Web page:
The United States is sending investigators to Nairobi, Kenya, to gather forensic information and details about the recent deadly attack in a shopping mall, citing concerns that the responsible terrorist group could try a similar assault on the U.S. homeland, the New York Times reported on Wednesday.
The FBI already has been monitoring the Somali Islamist terrorist organization al-Shabab, which has ties to al-Qaida. The U.S. government has invested large sums of money in counter-terrorism operations targeting al-Shabab. However, the multi-day siege in Nairobi of the Westgate shopping complex and the killings of at least 67 people there has shown the world the group is not yet defeated.
"The more we know about the planning that went into this, the way it was conducted, what was used, the people involved, the better we can protect America," U.S. Ambassador to Kenya Robert Godec said, expressing solidarity with the East African nation.
Not even 24 hours after the mall siege came to an end, more than 20 FBI investigators scoured the scene to gather biometric data and studied cameras, computers and firearms in the hopes of figuring out how the attack was devised and orchestrated. Members of the New York Joint Terrorism Task Force unit are expected to shortly travel to Nairobi, an unidentified law enforcement source said.
As of yet, there are no signs al-Shabab is planning specific strikes on the United States. Still, the group's ability to gather adherents from the country and other Western nations is more pronounced than any other al-Qaida affiliated organization, The Hill newspaper reported.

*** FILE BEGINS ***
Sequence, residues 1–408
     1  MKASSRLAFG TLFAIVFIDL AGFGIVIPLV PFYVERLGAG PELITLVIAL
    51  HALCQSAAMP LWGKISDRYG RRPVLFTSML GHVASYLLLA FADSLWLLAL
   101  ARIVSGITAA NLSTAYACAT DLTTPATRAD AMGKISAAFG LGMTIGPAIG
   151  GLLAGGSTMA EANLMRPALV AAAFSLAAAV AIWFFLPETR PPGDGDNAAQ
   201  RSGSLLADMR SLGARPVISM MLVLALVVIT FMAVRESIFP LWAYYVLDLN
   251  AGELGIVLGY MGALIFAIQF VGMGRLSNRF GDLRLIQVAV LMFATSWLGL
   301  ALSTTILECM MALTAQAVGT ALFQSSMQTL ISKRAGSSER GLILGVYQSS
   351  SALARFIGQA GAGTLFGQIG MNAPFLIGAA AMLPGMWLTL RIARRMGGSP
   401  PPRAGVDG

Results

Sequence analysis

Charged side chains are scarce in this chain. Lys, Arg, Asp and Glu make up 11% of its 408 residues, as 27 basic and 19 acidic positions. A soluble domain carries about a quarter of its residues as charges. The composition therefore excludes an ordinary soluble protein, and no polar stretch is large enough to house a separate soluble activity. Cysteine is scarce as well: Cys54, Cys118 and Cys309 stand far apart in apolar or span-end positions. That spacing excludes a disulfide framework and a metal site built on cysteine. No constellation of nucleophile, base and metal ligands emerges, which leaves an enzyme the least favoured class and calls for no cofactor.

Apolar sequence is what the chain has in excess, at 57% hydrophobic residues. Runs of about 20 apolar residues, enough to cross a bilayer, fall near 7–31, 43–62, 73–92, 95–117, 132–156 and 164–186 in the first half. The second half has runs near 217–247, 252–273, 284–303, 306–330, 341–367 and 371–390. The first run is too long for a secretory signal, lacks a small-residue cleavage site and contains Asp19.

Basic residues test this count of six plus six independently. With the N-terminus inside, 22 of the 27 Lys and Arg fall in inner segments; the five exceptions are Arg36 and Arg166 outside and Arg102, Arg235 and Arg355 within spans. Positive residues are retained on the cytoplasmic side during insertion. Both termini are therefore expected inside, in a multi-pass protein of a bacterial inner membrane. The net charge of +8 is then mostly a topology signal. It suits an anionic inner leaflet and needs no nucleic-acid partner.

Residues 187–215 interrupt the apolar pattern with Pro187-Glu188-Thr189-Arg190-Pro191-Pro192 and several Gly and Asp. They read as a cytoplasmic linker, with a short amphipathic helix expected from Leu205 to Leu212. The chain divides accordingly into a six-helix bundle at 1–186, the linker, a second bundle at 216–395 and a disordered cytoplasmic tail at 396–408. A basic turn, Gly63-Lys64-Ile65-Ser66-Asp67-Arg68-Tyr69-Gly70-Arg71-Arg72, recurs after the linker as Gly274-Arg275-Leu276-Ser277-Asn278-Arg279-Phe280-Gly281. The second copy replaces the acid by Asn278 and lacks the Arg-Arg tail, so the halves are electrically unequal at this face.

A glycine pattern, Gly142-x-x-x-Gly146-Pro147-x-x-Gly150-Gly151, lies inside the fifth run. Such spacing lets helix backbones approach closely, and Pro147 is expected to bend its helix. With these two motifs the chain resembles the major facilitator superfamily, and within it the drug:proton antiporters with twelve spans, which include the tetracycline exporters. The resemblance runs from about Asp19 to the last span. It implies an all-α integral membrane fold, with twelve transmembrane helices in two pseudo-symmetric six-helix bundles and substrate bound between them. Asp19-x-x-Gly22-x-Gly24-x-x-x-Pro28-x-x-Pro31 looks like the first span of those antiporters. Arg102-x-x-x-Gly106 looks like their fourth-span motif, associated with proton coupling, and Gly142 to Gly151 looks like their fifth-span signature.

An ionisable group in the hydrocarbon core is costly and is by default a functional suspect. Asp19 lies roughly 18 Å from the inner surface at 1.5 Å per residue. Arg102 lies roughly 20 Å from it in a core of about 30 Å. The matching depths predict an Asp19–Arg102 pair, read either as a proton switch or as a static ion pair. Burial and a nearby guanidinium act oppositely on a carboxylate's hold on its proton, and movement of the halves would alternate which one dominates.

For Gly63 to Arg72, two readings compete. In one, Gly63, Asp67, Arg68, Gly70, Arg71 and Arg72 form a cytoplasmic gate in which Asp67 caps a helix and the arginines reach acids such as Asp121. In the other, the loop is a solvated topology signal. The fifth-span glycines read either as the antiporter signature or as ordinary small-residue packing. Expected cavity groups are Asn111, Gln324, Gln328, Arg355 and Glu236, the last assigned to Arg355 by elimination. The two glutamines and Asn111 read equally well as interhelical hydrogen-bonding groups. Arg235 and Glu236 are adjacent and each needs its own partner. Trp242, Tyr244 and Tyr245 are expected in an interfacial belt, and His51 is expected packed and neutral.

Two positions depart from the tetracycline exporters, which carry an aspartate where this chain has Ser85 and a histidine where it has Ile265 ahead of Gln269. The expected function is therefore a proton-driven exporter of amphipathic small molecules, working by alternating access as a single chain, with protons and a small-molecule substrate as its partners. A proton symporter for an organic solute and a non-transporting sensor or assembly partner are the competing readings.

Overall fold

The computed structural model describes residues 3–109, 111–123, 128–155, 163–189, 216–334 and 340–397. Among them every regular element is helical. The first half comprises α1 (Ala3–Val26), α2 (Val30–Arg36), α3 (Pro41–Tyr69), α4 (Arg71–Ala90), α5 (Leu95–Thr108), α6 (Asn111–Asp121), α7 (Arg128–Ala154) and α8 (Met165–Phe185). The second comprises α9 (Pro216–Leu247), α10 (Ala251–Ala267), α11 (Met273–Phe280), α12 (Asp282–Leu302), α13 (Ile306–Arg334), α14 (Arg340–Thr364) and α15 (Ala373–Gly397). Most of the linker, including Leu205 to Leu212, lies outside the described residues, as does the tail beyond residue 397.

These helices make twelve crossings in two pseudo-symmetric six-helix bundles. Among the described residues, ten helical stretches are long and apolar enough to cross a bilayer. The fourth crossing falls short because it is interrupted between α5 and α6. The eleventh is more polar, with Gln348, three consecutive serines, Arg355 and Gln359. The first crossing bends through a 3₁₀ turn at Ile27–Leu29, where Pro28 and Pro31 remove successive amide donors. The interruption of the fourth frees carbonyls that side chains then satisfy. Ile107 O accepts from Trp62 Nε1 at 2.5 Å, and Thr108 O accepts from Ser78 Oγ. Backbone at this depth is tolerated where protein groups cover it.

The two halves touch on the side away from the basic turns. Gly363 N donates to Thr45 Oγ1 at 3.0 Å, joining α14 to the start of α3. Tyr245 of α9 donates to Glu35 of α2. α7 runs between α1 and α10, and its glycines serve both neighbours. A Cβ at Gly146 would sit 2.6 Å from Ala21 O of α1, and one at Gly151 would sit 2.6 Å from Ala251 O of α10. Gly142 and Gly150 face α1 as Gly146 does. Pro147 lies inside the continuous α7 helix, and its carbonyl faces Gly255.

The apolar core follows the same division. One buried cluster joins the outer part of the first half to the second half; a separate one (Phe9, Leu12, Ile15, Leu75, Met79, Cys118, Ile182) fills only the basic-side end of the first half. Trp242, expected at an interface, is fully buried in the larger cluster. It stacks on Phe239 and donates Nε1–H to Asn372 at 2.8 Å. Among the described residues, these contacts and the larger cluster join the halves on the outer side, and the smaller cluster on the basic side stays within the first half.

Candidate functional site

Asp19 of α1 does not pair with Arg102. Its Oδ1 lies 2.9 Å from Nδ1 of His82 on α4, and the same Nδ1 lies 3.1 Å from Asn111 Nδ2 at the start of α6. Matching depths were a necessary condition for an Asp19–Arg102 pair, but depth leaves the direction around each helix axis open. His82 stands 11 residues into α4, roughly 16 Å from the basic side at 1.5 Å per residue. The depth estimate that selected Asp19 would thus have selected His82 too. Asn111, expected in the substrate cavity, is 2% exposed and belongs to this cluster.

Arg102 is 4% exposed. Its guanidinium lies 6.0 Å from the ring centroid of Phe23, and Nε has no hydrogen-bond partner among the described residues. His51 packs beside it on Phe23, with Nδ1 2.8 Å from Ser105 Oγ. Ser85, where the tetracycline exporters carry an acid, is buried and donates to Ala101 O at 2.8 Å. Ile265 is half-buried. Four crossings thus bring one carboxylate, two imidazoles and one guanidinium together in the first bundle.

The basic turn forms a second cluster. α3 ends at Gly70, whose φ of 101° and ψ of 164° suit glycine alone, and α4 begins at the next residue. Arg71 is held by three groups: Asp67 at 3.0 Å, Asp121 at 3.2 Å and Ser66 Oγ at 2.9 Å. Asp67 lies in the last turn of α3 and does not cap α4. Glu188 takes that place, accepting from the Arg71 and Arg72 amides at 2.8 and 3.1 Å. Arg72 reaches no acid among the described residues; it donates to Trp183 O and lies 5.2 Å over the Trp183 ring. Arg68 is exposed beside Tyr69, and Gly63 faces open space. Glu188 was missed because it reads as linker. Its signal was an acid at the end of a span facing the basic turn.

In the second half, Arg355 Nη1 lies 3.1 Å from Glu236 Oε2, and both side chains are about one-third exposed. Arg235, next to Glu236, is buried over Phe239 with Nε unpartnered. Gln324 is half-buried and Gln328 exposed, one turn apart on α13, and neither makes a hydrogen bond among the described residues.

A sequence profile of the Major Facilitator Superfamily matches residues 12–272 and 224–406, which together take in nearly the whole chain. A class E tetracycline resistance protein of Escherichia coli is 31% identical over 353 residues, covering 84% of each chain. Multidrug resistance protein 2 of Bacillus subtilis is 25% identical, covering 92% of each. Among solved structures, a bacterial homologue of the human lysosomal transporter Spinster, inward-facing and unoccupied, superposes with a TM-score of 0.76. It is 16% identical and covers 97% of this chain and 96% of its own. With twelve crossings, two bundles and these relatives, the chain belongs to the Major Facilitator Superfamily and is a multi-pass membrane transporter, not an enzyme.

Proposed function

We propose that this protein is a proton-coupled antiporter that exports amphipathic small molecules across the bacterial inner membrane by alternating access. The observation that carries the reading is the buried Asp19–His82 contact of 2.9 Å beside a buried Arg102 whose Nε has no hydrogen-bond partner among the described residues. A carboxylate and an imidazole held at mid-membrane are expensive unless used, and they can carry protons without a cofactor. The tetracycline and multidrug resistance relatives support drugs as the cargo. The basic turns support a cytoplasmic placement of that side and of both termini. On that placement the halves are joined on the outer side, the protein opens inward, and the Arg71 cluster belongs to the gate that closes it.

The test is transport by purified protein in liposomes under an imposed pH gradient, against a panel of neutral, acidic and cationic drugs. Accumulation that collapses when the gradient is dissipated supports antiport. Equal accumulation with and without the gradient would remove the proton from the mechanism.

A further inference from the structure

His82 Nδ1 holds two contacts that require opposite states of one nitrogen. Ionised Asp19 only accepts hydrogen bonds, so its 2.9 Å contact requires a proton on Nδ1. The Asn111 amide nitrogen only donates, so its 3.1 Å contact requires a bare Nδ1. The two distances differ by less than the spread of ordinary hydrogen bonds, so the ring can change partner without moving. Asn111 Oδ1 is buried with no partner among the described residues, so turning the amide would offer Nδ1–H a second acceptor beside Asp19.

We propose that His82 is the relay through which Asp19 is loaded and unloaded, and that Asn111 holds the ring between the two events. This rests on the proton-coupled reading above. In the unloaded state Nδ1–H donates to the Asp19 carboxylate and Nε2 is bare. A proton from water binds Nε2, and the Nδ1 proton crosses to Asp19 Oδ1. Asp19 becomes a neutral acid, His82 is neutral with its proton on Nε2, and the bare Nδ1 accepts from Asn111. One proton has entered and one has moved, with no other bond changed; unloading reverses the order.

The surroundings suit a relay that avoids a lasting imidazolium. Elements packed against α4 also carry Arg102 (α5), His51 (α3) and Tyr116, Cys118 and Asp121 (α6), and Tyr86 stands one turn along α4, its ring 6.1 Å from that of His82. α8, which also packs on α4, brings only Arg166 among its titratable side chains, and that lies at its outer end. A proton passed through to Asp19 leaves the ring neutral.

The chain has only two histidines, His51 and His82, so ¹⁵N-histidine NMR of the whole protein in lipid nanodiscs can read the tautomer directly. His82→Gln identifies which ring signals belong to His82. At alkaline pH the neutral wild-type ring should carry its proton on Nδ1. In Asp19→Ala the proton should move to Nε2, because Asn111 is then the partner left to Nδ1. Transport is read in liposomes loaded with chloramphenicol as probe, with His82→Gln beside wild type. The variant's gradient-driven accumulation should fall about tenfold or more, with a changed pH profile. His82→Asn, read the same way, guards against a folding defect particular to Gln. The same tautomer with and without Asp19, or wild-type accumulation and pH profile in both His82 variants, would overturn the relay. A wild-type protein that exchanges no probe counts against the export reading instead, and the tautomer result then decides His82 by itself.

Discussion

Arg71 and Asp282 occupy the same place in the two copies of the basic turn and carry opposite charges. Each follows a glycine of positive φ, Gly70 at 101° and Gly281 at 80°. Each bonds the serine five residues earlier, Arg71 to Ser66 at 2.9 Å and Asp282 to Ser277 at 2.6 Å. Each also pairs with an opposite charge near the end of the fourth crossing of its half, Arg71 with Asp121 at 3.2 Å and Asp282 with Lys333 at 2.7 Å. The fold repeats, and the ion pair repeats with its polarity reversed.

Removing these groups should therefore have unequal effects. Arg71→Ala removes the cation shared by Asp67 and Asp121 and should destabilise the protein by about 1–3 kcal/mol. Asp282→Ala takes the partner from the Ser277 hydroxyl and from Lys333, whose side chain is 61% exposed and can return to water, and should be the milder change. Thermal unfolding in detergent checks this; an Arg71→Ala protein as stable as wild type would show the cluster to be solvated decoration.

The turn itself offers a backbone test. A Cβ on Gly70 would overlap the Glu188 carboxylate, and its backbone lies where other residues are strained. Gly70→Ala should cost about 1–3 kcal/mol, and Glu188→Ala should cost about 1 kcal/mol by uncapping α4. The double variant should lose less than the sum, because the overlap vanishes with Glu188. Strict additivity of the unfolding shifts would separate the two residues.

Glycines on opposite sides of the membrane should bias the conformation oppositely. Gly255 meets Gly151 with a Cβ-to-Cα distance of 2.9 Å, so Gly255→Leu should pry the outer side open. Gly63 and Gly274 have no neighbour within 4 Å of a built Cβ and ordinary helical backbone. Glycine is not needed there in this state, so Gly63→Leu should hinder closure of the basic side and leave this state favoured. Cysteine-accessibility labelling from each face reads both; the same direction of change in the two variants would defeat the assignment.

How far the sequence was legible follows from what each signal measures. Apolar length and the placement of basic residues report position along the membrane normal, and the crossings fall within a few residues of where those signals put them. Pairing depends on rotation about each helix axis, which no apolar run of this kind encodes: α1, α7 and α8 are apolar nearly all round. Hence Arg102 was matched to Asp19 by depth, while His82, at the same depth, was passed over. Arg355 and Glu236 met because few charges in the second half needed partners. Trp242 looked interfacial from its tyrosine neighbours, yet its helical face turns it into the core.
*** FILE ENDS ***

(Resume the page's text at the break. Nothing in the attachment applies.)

"This is a real concern because al-Shabab has a real recruitment process. And how did I hear this? I heard it from them on television," Senate Intelligence Committee Chairwoman Dianne Feinstein (D-Calif.) said.
Representative Mac Thornberry (R-Texas), however, reportedly does not see the organization posing a serious threat to the United States, and views the Nairobi assault as a final attempt at maintaining relevance after coming close to being crushed in Somalia.
"When you pin a rattlesnake into a corner, they are going to strike out," Thornberry, who chairs the House Armed Services subcommittee on intelligence and emerging threats, said in an interview with The Hill.
This article was published in Global Security Newswire, which is produced independently by National Journal Group under contract with the Nuclear Threat Initiative. NTI is a nonprofit, nonpartisan group working to reduce global threats from nuclear, biological, and chemical weapons.